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Woolly bears warn of long winter

November 01, 2000

Woolly bears warn of long winter



By SCOTT BUTKI / Staff Writer


Winter will be harsh this year, according to the results of an annual caterpillar contest.

Some believe that the severity of a coming winter can be predicted by looking at the bands on the front and rear of woolly bears. The Hagers-town Town and Country Almanack sponsors an annual contest to gather the insects for analysis.

The winners of the 18th annual Woolly Bear Contest were announced Wednesday. As part of the event, the stripes on 632 woolly bears were examined and predictions made about the coming season's severity.

It will be a harder than usual winter, according to a contest news release. This year, the front band, representing the first half of winter, and the back band, representing the second half of winter, were slightly longer than normal.

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The woolly bears support the predictions of the Hagerstown Town & Country Almanack, which predicts a 129-day winter season with 103 cold days. The Almanac predicts 50 inches of snow, more than normal, will fall. It calls for 23 storms and for snow to fall on 36 days.

Bill O'Toole, the Almanac's weather prognosticator and a computer instructor, said the first snowstorm of winter will occur Dec. 13 and light snow flurries are expected Christmas Eve. New Year's Day is expected to be cold but without snow, he said.

Last year the woolly bears correctly predicted a mild winter, while the Almanac predicted a cold and snowy winter, according to the press release.

The woolly bears provide information that is right more often than wrong, said Frank Leiter, who has been the contest's chief judge for 18 years, Wednesday night.

All woolly bears are released back into nature, Leiter said. The contest provides education for the contestants who learn, for example, that woolly bears eventually form a cocoon and become moths or butterflies, he said.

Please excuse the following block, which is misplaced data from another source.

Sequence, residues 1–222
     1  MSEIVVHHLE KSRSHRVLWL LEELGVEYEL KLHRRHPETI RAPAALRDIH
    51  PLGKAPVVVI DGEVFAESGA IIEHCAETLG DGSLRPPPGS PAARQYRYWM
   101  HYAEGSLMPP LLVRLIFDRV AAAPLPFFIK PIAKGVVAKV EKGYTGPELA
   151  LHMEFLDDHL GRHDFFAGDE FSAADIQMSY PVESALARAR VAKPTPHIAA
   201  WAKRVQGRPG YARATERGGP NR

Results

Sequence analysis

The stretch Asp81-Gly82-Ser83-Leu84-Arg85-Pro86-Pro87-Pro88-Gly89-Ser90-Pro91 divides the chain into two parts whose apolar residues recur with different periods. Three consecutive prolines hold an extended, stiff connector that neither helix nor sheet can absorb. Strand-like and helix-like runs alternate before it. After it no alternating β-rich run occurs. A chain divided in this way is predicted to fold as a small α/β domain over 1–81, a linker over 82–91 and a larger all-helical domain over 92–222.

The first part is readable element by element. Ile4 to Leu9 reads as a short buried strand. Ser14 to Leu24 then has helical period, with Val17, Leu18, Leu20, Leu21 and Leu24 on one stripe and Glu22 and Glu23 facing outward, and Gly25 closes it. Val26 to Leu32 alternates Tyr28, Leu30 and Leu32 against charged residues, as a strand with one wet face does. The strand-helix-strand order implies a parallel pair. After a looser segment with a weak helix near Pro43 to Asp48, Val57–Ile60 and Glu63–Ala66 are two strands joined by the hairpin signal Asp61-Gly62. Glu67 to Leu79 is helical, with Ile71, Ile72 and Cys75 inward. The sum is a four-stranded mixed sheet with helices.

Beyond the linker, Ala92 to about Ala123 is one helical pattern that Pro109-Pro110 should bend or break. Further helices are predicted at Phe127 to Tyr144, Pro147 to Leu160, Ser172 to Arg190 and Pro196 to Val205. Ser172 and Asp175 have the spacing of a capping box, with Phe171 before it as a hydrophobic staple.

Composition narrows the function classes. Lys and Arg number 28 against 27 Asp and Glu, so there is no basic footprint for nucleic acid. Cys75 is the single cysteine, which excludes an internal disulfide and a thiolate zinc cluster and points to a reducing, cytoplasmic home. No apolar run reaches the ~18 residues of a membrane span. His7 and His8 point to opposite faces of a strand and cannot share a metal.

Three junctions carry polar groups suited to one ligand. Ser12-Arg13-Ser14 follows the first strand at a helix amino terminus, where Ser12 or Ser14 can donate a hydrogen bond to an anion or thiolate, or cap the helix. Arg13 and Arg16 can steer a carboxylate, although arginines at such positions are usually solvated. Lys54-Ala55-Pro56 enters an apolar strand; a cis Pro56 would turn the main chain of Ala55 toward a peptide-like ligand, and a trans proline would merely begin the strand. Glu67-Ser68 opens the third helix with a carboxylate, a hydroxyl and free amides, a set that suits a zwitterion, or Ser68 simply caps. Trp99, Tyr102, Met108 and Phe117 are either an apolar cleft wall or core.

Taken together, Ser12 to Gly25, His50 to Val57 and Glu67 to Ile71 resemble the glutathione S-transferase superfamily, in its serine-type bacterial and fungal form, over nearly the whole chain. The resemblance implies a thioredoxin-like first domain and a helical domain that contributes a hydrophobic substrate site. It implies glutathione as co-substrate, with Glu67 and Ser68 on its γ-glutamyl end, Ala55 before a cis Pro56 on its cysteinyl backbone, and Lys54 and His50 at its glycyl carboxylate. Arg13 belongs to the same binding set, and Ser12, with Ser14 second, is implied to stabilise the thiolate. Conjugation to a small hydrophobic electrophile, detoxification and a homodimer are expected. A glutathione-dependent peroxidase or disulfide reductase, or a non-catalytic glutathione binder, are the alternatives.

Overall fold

The contest winners received $100 cash prizes while runner-ups received six free copies of the Almanack. Both winners entered the contest for the first time this year.

The winner of the "Biggest and Woolliest" category was Katie Norris, 13, an eighth-grader at Clear Spring Middle School.

The runner-up was Robert Smith, 11, of Falling Waters, W. Va.

Norris' woolly bear caterpillar was about 3 inches long, the largest Leiter has seen in more than 18 years, he said. Usually they are about 1 1/2 inches, he said.

Norris found her winning woolly bear while riding her bike on the Western Maryland Rail Trail near Big Pool. She spotted it under a bridge.

Before handing the wolly bear over to the judges, she fed it wild berries and grass, she said. Norris said she will buy a new Game Boy with her money and save the rest, she said.

The winner in the "Cutest and Cuddliest" category was Michael Warrenfeltz, 9, a fifth-grader at Lincolnshire Elementary School. He said he was in a car when he saw the woolly bear on a road and ran over and grabbed it.

Warrenfeltz had not decided how he would spend his prize money. He too had entered the contest for the first time.

The runner-up was Ian Miller, 6, of Keedysville, a first-grader at Boonsboro Elementary School.

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